Consumers are also taking responsibility for their share of food safety, with 83 percent reporting washing their hands with soap and water and 74 percent reporting washing cutting boards with soap and water.
Four out of 10 respondents said they would be more likely to use a food thermometer if the recipes and cookbooks they used listed proper cooking temperatures in the directions.
Food safety: Chicken shop sealed over poor hygiene
Source : http://tribune.com.pk/story/1148055/food-safety-chicken-shop-sealed-poor-hygiene/
By Our Correspondent (July 24, 2016)
The Punjab Food Authority (PFA) continued their operation against adulterated and substandard food items on Saturday.
PFA Allama Iqbal Town officials, acting under supervision of Operations Director Ayesha Mumtaz, sealed Abid Chicken Sale Centre in Township area over poor cleanliness. A PFA official said the vendor had also failed to produce documentary proof of purchase. He said chicken meat storage facility on the premises was unhygienic. He said around 512 kilograms of meat was seized from the shop and sent to the Pakistan Agriculture and Meet Company for disposal.
A PFA team sealed Lahori Naan Shop on Wahdat Road over the vendors’ failure to get medical examination of all workers. Another team sealed a production unit of Butt Sweets over poor hygiene and the failure to produce evidence of purchase of raw materials.
In Shalimar Town, a PFA team closed down Al-Janat Sweets and Bakers on Bhogewal Road over unhygienic conditions. The management had failed to produce medical certificates of workers. Asghar Muraba Farosh was sealed for storing food products in barrels used for storage of industrial chemicals. The team also found stagnant water and fungus deposits.
Jani Pan Shop at Sher Shah Road was sealed for poor hygiene. The PFA Samanabad Town sealed Baymisal Dahi Bhallay and the Nishtar Town team sealed Saleem Store.
PFA teams imposed fines on Fazal Milk Shop, Chaska Hotel, Tanvir Milk Shop and Al-khan Tonight Restaurant and Marriage Hall over poor cleanliness.
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How to prevent Hepatitis A Lawsuits – Vaccines, Handwashing and Gloves
Source : http://www.foodpoisonjournal.com/foodborne-illness-outbreaks/how-to-prevent-hepatitis-a-lawsuits-vaccines-handwashing-and-gloves/#.V5cYSE4eaUl
By Bill Marler (July 24, 2016)
Hepatitis A is totally and completely preventable.
Each year, approximately 30,000 to 50,000 cases of hepatitis A occur in the United States. And, yes, that includes Hawaii where a mystery 74 person hepatitis A outbreak is occurring. Two of those 74 individuals that separately work at a Taco Bell and a Baskin-Robbins have compounded to risk and fear of a continuing and spreading problem on Oahu when they worked when unknowingly contagious.
Although outbreaks continue to occur in the United States, no one should ever get infected if preventive measures are taken. For example, food handlers must always wash their hands with soap and water after using the bathroom, changing a diaper, and certainly before preparing food. Food handlers should always wear gloves when handling or preparing ready-to-eat foods, although gloves are not a substitute for good hand washing. Ill food-handlers should be excluded from work. In addition, in 2006, the ACIP recommended routine hepatitis A vaccination for all children ages 12-23 months, that hepatitis A vaccination be integrated into the routine childhood vaccination schedule, and that people not vaccinated by two years of age be vaccinated subsequently.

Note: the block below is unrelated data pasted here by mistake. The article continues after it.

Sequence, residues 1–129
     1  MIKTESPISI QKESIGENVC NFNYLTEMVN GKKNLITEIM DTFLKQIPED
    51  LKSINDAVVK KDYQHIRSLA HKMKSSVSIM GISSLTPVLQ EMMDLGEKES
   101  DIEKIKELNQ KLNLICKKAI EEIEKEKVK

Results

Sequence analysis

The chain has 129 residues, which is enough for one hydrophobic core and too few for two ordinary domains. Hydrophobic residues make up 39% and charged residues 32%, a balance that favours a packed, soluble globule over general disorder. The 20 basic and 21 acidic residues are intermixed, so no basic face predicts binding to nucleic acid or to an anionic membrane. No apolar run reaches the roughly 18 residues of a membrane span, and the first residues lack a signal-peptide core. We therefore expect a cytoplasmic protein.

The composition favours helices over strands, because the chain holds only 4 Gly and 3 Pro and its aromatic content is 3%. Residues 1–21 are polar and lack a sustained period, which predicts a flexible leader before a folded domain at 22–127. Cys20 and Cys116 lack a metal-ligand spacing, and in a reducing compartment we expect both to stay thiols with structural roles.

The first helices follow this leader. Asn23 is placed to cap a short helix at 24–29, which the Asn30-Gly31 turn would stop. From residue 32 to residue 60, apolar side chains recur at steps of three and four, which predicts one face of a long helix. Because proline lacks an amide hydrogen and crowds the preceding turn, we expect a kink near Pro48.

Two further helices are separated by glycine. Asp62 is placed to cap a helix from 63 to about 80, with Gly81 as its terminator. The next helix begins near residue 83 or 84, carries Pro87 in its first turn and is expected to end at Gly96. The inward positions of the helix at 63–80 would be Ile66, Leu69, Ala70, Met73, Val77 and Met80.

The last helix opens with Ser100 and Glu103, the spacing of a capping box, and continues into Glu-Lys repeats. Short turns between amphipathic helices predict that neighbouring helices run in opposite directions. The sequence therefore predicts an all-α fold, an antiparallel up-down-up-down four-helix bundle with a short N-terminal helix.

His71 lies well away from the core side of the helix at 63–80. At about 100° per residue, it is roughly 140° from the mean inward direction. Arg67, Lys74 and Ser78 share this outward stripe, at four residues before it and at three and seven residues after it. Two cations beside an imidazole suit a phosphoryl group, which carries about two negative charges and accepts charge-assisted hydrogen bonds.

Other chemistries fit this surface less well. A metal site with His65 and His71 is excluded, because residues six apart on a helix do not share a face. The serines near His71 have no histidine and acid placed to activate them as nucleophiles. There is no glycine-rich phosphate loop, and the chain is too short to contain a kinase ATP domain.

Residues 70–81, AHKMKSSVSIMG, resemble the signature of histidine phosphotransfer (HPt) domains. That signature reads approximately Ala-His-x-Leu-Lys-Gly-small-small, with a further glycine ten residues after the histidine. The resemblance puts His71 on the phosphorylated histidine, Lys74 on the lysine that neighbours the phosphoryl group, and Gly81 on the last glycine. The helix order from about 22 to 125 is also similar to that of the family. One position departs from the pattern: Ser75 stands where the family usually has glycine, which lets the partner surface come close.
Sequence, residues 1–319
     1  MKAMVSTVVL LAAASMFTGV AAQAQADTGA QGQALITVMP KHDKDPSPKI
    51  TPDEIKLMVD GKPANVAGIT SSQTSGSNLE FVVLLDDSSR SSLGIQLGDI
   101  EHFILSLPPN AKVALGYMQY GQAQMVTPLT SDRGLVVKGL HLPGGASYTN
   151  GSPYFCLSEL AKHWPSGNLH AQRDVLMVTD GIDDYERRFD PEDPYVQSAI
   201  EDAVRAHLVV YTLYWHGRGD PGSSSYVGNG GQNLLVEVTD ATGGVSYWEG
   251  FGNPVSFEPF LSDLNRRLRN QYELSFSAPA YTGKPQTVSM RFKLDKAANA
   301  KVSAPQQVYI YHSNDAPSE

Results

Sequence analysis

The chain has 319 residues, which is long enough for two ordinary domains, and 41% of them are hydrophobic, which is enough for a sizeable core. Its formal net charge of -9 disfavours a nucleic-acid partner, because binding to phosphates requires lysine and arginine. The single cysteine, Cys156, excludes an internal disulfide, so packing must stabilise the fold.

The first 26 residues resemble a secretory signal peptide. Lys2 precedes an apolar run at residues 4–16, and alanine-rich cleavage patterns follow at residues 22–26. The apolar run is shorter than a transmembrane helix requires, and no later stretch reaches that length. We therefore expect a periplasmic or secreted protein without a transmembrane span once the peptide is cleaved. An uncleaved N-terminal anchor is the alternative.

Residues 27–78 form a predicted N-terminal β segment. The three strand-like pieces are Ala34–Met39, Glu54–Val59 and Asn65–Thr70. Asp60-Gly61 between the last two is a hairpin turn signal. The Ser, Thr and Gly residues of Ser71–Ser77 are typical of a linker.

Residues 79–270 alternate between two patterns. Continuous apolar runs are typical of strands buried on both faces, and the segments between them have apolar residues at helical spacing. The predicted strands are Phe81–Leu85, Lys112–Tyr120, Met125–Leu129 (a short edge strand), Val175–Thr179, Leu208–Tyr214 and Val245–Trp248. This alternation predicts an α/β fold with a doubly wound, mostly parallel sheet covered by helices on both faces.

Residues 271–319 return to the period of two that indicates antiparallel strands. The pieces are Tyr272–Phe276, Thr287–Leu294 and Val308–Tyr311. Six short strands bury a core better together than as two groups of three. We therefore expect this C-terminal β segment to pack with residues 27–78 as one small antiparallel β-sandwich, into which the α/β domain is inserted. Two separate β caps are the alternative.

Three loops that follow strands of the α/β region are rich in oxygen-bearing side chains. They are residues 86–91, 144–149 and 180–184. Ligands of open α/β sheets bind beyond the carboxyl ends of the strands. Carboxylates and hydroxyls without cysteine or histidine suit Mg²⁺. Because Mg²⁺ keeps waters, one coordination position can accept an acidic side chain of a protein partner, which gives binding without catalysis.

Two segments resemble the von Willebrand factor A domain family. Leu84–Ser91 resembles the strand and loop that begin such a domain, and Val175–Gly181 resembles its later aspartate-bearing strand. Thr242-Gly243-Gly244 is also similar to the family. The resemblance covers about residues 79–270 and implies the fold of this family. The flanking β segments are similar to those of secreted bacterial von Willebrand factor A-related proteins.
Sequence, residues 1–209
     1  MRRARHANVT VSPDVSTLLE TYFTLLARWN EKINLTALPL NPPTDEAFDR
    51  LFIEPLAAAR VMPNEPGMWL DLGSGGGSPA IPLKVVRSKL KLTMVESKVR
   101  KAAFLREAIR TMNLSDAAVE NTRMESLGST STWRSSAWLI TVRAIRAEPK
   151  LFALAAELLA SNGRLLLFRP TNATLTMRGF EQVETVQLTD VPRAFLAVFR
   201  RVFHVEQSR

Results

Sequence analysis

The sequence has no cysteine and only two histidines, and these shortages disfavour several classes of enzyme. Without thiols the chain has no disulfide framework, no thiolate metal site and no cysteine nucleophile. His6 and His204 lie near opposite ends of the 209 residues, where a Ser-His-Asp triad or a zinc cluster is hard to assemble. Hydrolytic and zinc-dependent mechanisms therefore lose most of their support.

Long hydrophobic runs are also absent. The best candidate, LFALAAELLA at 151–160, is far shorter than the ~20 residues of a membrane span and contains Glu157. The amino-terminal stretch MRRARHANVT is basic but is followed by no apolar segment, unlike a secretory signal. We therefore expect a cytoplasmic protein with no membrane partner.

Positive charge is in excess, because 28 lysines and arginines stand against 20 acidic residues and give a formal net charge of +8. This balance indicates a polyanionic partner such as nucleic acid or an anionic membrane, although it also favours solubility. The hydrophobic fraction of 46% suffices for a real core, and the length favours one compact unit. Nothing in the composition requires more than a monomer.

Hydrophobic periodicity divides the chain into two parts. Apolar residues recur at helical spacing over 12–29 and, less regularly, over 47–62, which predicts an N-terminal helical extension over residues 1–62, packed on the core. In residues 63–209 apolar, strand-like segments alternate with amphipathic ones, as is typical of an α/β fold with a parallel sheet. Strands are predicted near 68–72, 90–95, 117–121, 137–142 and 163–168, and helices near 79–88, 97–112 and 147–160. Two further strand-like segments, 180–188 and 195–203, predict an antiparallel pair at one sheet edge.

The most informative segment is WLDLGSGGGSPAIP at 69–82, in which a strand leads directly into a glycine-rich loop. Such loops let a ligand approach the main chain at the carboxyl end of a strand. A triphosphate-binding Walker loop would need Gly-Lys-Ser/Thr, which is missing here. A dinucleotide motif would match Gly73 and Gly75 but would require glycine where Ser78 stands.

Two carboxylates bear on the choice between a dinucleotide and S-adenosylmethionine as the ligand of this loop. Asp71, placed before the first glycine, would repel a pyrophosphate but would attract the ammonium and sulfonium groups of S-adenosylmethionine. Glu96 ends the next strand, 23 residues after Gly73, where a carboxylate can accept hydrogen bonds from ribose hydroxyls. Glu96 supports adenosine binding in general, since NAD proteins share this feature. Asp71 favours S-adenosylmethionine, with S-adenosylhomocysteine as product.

Estimates of the annual costs (direct and indirect) of hepatitis A in the United States have ranged from $300 million to $488.8 million in 1997 dollars. Nationwide, adults who become ill miss an average of 27 work-days per illness, and 11-to-22 percent of those infected are hospitalized. Fulminant hepatitis A (Acute Liver Failure) is a rare but devastating complication of HAV infection. As many as 50% of individuals with acute liver failure may die or require emergency liver transplantation. Elderly patients and patients with chronic liver disease are at higher risk for fulminant hepatitis A.
And, vaccines, gloves and handwashing does prevent litigation as well:
•Alta Restaurant Hepatitis A Exposure Class Action lawsuit – New York (2013)
•Carl’s Jr. Hepatitis A Outbreak Lawsuits – Washington (2000)
•Chi-Chi’s Hepatitis A Outbreak Lawsuits – Pennsylvania (2003)
•Chipotle Grill Hepatitis A Outbreak Lawsuits – California (2008)
•D’Angelo’s Deli Hepatitis A Outbreak Lawsuits – Massachusetts (2001)
•Friendly’s Hepatitis A Exposure Lawsuit – Massachusetts (2004)
•Houlihan’s Hepatitis A Exposure Lawsuit – Illinois (2007)
•Maple Lawn Dairy Hepatitis A Outbreak Lawsuit – New York (2004)
•McDonald’s Hepatitis A Outbreak Lawsuits – Illinois (2009)
•McDonald’s Hepatitis A Outbreak Lawsuit – Washington (1998)
•New Hawaii Sea Restaurant Hepatitis A Outbreak (2013)
•Olive Garden Hepatitis A Outbreak Lawsuit – North Carolina (2011)
•Quizno’s Hepatitis A Exposure Lawsuit – Massachusetts (2004)
•Red Robin Restaurant Hepatitis A Exposure Class Action lawsuit – Missouri (2014)
•Soleil Produce Hepatitis A Outbreak Lawsuits – California (2005)
•Subway Hepatitis A Outbreak Lawsuits – Washington (1999)
•Taco Bell Hepatitis A Outbreak Lawsuits – Florida (2000)
• Townsend Farms Organic Frozen Berries Hepatitis A Outbreak – Multistate (2013)